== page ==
Trek the world for fewer bucks and headaches
IN AN ISSUE devoted to challenging one’s limits, taking a closer look at smart used buys that will actually help generate those adventures makes sense. Long-haulers and sport-tourers can do the job, of course, but more and more, especially with baby boomers who revel in recalling their off-road roots, dual-sport and adventure bikes are the two-wheelers of choice when it comes to getting out of town. The roots of the adventure bough of this tree are formed, of course, by BMW’S legendary GS line, the first of which was the 1981 R80 G/S. A shot-in-the-dark experiment, that first G/S ignited a movement that today is motorcycling’s hottest segment and singlehandedly saved BMW’S two-wheel division from extinction. Today, one-third of BMW sales carry the GS moniker, with more than 600,000 sold since ’81.
First-generation G/SS (1981–’87) are functional and durable but also rare and can be quite pricey, especially the limited Paris-dakar edition. The second-gen R100GS (1987–’94) featured a revised Paralever swingarm/suspension, which was somewhat problem plagued. The totally revised R1100GS (1994–’99) was a breakthrough adventure bike featuring BMW’S “Oilhead” engine and Telelever front end, technology found on the GS to this day. Well-maintained examples of the latter are great adventure values, with prices ranging from $3,500 to $6,000, depending on mileage and condition. In 2000, the revised R1150GS (2000–’03) came with a bit more power, six transmission speeds, and slightly revised styling. Expect to pay a bit more for the 1150, but in the end this is a great bike for not a lot of Benjamins. (Of course, any used R1200GS is also a superb choice.)
Nothing compares to the GS line in terms of legacy and long-standing performance, but Suzuki’s V-strom 650 is one example of a model that’s trying like hell. Heralded by many as one of the best all-around motorcycles on earth since its introduction, the do-everything V- Strom 650 (2004–’11) has become the Japanese alternative to the GS, offering exceptional performance and value when new and even more bang for the buck on the used market. (A secondgeneration version debuted in 2012, and was updated again in 2017.) Prices for even medium-mileage first- and secondgen machines in good mechanical shape are very affordable, ranging from $3,000 to $5,000 depending on condition and mileage. Fun to ride, plenty fast, and capable of going to Alaska and back without complaint, the V-strom 650 is a bona fide adventure-class star.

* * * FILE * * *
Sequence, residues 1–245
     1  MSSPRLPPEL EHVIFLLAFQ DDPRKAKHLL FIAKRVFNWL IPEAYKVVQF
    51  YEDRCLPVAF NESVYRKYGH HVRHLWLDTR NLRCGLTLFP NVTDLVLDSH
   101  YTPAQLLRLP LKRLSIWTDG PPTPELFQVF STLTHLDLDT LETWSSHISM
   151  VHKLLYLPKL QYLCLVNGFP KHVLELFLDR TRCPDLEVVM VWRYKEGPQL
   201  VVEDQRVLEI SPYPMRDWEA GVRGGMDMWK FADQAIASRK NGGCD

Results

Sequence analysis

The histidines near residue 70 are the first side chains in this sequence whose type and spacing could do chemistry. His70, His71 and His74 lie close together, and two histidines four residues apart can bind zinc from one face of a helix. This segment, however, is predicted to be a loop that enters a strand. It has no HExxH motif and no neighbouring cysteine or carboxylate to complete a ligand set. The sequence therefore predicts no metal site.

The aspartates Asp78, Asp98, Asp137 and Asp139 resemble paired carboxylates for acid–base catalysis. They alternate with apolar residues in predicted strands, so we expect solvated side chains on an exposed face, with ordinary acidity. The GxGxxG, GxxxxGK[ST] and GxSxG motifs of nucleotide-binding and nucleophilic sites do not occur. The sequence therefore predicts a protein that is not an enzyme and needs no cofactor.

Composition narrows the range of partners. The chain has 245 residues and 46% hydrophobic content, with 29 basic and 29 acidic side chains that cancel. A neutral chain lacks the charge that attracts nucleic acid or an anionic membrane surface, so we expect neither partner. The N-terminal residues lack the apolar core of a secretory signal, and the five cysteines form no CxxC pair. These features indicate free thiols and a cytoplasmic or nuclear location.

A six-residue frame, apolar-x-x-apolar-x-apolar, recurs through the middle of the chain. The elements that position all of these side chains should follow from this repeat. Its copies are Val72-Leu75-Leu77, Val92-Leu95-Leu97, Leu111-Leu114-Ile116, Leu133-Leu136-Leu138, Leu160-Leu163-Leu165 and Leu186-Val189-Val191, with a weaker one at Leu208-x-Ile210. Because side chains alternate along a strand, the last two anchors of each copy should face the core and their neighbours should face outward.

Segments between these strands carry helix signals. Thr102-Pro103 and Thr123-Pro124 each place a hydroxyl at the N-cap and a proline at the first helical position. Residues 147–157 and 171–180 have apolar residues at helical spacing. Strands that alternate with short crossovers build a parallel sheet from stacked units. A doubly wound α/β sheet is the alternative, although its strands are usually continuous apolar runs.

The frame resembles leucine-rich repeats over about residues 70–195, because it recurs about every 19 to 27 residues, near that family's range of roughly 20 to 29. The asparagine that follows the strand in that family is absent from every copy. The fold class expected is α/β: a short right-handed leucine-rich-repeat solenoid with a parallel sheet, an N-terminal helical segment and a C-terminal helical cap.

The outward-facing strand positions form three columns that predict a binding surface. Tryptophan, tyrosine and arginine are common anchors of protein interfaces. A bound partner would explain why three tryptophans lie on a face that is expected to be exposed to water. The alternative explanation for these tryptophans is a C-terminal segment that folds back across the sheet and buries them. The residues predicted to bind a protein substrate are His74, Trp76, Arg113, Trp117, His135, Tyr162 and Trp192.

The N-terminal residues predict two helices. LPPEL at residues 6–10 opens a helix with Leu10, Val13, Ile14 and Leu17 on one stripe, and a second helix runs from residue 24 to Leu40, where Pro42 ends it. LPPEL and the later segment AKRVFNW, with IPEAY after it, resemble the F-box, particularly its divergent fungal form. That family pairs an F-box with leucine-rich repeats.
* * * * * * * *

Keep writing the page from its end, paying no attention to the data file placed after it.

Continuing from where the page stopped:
Moving in a more dual-sport direction, no discussion of this genre would be complete without a mention of Kawasaki’s venerable KLR650. Introduced in 1987, the KLR quickly became the adventure-tourer of the single-cylinder set, offering performance, range, durability, and value for both on- and off-road treks. The KLR continued with only minor tweaks until 2007, when it was replaced by a full-model-change ’08 model, which continues to this day. Prices are ridiculously low, from as little as $999 for a late ’80s runner to $2,100 for a clean mid-’90s example with 22K on the clock, to just over $3,000 for a very nice 2004 model with 18K miles showing. You won’t find more bang for the buck than that.
If your vision of used dual-sport fun is clouded by a bit more dust and mud, Honda’s XR650L must be considered. After all, it’s been an open-class dualsport staple for two and a half decades. While the XR-L is no longer the best off-roader in the street-legal category, it’s still pretty close, and because the bike has been in Honda’s lineup since its introduction in 1992, you know it’s reliable—a good thing when you’re considering buying used. Again, prices are generally low, with rough runners going for a grand, mid-level condition bikes priced at $2,000 to $2,500 and clean examples from the last 10 years going for $3,500 to $4,000, depending on mileage and accessories. It’s not a tourer like the KLR, but it will run down the freeway drama free and deliver you to jeep trails and single-tracks in fine shape for off-road grins.
A little lighter than the XR650L ( but just as tall), Suzuki’s DR-Z400S is basically a street-legal version of the DR-Z400E off-roader. The result is very close to a true dirt bike with lights. While that concept has been realized today by KTM and others, those bikes cost nearly twice as much as a new DR-Z and three times more than a used model. Built since 2000, the DR-Z400S is hammer reliable, and there is a ton of hop-up and maintenance info on the internet. Expect to pay anywhere from a grand for a well-used example to $4,000 for a lowmileage later model. Even on the higher end of the pricing scale, you still get a lot of off-road, street-legal, trekking performance for your money. And that’s the point of all this, right?
Three decades of do-it-all on- and off-roadperformance and the KLR still hangs tough.
The poor man’s GS? You betcha. And nothing at all wrong with that idea.
From Baja to Boston, Honda’s legendary XR650L dual-sport is ready to go.